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Google's tiny tax bill

Sydney Morning Herald logo Sydney Morning Herald 1/05/2014 Georgia Wilkins and Ben Butler
a © Quentin Jones/Corbis a

Google has cut its taxes in Australia to $466,802, despite almost doubling its local profit to $46.5 million.

The company initially received a tax bill of $7.1 million for the year ending December, but only $466,802 will be paid following a series of deductions.

A Google spokesman declined to say whether the company was one of three multinational tech firms being audited by the Australian Taxation Office on suspicion of shifting profits overseas.

The ATO can't name the companies, however the move is part of a global push by tax authorities to crack down on corporate tax-dodging by multinational companies, particularly tech giants.

The Google spokesman also declined to comment on the tax-expense figure, but said the company had paid $7.1 million in corporate taxes ''and $15 million in payroll and other taxes in Australia as part of our investment in a local workforce of over 900 people''.

He said Google believed international forums such as the OECD were the right place to decide tax rules for multinationals ''because everyone would benefit from a simpler and more transparent system''.

Google Australia subsists on services income from its head office in the US and subsidiaries in Singapore and Ireland. Much of the search engine's local ad revenue is collected by the Singapore subsidiary, Google Asia Pacific.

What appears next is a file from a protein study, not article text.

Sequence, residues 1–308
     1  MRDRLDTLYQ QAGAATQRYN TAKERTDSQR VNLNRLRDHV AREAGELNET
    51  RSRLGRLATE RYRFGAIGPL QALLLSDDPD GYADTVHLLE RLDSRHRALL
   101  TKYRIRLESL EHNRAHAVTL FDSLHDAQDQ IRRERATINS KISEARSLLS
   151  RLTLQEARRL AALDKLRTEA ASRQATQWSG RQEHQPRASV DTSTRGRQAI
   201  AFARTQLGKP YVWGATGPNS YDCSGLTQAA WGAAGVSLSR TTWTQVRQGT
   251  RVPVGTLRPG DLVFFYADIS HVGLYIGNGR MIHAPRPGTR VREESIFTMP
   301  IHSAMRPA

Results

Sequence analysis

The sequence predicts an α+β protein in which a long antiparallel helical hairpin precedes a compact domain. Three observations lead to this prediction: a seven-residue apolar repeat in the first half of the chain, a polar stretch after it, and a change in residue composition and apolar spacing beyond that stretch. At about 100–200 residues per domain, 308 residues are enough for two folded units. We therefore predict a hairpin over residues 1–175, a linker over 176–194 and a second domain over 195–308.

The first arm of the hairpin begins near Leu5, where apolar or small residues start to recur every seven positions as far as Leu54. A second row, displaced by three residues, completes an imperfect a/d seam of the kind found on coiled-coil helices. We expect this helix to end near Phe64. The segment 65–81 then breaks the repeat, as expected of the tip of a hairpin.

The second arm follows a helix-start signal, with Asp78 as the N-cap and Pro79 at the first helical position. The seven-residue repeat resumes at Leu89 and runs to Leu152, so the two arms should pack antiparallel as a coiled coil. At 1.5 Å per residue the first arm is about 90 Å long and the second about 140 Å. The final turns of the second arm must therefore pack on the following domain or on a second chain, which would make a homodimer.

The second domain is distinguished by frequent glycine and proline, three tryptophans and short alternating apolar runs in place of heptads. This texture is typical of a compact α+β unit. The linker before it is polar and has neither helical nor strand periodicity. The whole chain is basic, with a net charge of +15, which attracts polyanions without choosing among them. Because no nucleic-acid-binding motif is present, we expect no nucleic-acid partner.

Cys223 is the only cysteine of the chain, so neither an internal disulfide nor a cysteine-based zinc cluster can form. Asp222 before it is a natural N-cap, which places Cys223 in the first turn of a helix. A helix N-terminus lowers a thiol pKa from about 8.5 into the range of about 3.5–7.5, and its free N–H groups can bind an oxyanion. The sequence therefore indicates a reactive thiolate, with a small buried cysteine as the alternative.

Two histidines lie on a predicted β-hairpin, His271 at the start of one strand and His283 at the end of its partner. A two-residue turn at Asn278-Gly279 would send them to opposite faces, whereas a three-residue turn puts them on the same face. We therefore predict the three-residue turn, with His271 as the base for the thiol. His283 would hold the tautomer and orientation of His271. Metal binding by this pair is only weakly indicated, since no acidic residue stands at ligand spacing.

Estimates of its Australian ad revenue reach as high as $2 billion. Its profit here rose to $46 million in 2013 from $26 million a year earlier.

Tax Justice Network representative Mark Zirnsak said the accounts showed the need for further action to ensure companies operating in the digital economy paid their fair share of tax.

''Companies will continue to play different governments off against each other and different tax laws off each other to legally get away with paying no tax anywhere,'' he said.

''Australia should be putting as much pressure as possible on the governments that facilitate this tax-dodging to stop it and, to the degree that it can, look at reviewing where we have tax treaties that allow this behaviour.''

A Fairfax Media investigation this year revealed Apple had shifted an estimated $8.9 billion in untaxed profits from its Australian operations to Ireland over the past decade.

Globally, Google paid $US2.28 billion ($2.46 billion) in 2013 - an effective tax rate of just 15.7 per cent - according to its annual report.

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